Date of Graduation


Document Type


Degree Name

Bachelor of Science in Nursing

Degree Level





Holloway, Ginger

Committee Member/Reader

Smith-Blair, Nan

Committee Member/Second Reader

Lofton, Annelle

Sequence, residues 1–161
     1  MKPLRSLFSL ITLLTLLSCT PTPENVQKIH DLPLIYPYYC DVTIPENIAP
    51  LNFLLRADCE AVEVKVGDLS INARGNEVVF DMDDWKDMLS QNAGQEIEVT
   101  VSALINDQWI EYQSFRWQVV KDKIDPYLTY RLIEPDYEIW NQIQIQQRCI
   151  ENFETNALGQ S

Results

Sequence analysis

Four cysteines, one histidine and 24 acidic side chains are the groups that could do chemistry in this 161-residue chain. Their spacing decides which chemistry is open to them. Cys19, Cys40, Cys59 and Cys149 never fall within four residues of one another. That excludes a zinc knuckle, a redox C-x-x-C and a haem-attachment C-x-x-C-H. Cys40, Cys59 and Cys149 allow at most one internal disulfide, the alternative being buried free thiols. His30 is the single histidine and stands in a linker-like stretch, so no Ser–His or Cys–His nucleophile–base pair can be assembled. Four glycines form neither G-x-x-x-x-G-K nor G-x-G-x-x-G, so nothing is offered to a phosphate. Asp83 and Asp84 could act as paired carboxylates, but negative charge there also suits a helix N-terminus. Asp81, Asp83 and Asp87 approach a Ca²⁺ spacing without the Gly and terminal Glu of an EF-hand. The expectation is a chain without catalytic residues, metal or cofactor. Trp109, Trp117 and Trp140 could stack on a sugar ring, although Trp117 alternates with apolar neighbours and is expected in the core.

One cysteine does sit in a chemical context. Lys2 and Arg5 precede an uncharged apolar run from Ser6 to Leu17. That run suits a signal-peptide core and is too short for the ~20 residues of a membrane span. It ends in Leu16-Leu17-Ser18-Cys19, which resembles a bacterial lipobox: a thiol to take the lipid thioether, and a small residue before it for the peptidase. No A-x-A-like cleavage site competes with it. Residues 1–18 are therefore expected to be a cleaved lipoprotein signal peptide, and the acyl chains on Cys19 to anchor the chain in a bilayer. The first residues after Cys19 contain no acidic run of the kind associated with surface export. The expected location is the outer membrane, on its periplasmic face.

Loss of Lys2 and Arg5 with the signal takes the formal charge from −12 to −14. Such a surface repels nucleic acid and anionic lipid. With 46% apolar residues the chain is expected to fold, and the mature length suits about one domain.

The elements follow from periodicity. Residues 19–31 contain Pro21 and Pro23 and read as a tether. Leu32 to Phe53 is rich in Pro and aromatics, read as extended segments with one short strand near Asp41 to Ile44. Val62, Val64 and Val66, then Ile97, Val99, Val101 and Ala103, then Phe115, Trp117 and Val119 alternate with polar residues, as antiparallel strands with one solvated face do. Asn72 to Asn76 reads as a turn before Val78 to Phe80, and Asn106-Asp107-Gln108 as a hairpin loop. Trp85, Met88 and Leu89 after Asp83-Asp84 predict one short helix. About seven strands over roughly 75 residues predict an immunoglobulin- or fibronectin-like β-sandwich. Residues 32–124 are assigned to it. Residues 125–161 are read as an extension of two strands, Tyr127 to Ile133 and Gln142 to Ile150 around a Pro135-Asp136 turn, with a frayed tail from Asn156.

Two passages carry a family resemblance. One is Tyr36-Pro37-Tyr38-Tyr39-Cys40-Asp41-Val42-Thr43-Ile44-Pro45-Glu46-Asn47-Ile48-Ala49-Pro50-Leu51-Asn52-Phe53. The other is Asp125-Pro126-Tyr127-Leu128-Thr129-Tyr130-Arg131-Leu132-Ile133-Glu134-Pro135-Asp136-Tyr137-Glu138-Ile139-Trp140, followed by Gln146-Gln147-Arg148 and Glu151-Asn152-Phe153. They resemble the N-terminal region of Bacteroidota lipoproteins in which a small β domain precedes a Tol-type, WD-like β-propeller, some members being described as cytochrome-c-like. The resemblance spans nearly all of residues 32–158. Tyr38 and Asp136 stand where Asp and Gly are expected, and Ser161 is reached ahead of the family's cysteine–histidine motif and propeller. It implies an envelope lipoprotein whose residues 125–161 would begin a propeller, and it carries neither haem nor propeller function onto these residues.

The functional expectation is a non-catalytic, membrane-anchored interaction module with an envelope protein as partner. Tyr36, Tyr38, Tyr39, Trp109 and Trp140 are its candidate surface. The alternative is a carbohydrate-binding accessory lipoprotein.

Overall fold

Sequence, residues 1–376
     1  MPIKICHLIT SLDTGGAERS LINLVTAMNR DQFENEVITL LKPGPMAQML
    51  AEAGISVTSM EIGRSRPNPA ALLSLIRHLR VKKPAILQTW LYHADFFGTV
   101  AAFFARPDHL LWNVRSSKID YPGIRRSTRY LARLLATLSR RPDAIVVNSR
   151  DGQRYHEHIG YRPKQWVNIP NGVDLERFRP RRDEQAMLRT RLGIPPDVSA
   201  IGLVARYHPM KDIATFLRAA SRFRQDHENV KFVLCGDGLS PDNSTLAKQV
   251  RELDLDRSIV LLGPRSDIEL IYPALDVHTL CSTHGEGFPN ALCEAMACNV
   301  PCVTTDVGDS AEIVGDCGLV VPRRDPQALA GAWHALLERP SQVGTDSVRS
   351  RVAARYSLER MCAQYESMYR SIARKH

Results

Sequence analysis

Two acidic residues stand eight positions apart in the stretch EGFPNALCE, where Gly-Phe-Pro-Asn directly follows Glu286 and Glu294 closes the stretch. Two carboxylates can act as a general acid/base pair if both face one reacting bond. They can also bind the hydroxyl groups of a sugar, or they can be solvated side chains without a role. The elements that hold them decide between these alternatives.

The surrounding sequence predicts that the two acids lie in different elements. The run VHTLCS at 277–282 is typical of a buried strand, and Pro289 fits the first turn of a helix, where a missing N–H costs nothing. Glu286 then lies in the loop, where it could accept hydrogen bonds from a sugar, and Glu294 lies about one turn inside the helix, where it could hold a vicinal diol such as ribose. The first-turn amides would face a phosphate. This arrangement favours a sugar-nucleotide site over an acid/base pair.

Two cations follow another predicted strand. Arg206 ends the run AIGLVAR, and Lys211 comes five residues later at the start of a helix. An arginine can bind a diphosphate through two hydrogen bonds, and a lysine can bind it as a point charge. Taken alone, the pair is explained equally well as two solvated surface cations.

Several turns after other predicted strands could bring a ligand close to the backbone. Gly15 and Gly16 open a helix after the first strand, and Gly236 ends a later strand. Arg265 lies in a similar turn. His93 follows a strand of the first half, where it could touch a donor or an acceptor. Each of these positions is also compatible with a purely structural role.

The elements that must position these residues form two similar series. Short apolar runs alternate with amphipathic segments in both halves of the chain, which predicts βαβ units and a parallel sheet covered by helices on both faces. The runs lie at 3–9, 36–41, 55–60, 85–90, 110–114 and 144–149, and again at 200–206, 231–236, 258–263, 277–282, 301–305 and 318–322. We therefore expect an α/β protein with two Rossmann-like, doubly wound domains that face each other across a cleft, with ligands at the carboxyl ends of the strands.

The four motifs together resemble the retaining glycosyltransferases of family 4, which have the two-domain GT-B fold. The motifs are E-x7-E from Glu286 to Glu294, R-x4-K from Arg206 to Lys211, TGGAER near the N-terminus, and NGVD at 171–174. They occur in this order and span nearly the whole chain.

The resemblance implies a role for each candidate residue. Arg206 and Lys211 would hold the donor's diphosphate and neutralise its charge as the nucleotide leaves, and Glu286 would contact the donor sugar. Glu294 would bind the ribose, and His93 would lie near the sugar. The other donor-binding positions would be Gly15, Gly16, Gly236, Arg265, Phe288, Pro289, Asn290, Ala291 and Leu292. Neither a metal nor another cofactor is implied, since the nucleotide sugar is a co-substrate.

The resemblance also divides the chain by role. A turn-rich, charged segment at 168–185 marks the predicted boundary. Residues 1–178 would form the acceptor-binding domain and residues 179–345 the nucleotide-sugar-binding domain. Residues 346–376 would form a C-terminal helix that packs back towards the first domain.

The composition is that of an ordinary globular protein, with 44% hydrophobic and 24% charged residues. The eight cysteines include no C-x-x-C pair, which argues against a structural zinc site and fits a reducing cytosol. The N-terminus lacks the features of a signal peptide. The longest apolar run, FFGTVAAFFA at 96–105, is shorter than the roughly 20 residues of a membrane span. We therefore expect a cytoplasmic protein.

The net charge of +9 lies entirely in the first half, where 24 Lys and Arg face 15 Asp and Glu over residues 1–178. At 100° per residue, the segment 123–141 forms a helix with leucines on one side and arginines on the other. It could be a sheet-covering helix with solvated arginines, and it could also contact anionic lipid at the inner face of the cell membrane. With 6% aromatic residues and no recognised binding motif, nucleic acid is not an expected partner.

Dysphagia is a prevalent manifestation of stroke. An evidence-based dysphagia assessment is needed to provide quality care to stroke patients. Aims: To provide a descriptive analysis of the patient’s admitted to the hospital with the primary diagnosis of stroke; to evaluate three dysphagia screening tools; and to develop an education program to address training and implementation of the chosen dysphagia assessment tool on pilot units. Design: Descriptive analysis, and an educational program. Setting: Local hospital in Northwest Arkansas. Patients: Pre-data included patients with the primary diagnosis of stroke, over the age of 18, excluding those identified with cognitive impairment, admitted to the local hospital between August 2013 and August 2014. Methodology: Phase I was conducted during May to July 2014 and consisted of comparing three dysphagia screening tools; Barnes Jewish Hospital Stroke Dysphagia Screen, the Toronto, and the Gugging Swallow Screen. Next a retroactive medical record review of patients over the age of 18 admitted to the hospital between August 2013 and August 2014, with the primary diagnosis of stroke was conducted. Patients identified with cognitive impairment were excluded from the study. The charts were evaluated to determine: if a dysphagia assessment was administered and how soon following admission to the hospital, the rate of documented pneumonia (information from nurses notes, physician notes, and chest x-ray), medications, occurrence of diagnostic tests, and bed positioning. Phase II consisted of development and implementation of an education program based on the hospital adopted dysphagia assessment tool. Analysis: A descriptive analysis and summary statistics were performed to summarize the information obtained through a review of medical records from patients admitted with the primary diagnosis of stroke. Results: Of the charts analyzed, 94 met the study’s inclusion criteria. Of the 94 charts analyzed, 23 charts did not include a dysphagia assessment. Of the 94 charts analyzed, 44 charts revealed administration of PO medications before the documentation of a dysphagia assessment. Of the 44 patients who received PO medications before a dysphagia assessment, 12 charts revealed no documentation of one of the diagnostic tests included in the study, in other words, no documentation of a chest x-ray. Of the 12 charts that revealed no chest x-ray, as well as PO medications before a dysphagia assessment, 4 were declared an aspiration risk. Of the 94 charts analyzed, 2 charts had documented pneumonia at discharge. Conclusion: The data in this study shows the need for dysphagia assessment and the literature shows the evidence of this need. While the national organizations have not chosen a superior dysphagia screen, the hospital in this study has. The Barnes Jewish Hospital Stroke Dysphagia Screen/ASDS is the dysphagia screen of choice for the hospital in this study, which was implemented in September 2014. The goal of a bedside dysphagia assessment is to detect those suffering from dysphagia with an easy-to-use tool that can be performed by many professions, including nursing. Therefore, nurses must be aware of this need and solution to care. The organization may implement the assessment, but it is up to the nurses to carry out the implementation. Further assessment should be completed to assess the compliance with the newly implemented dysphagia assessment tool in relation to the education program created and presented to the hospital during this study.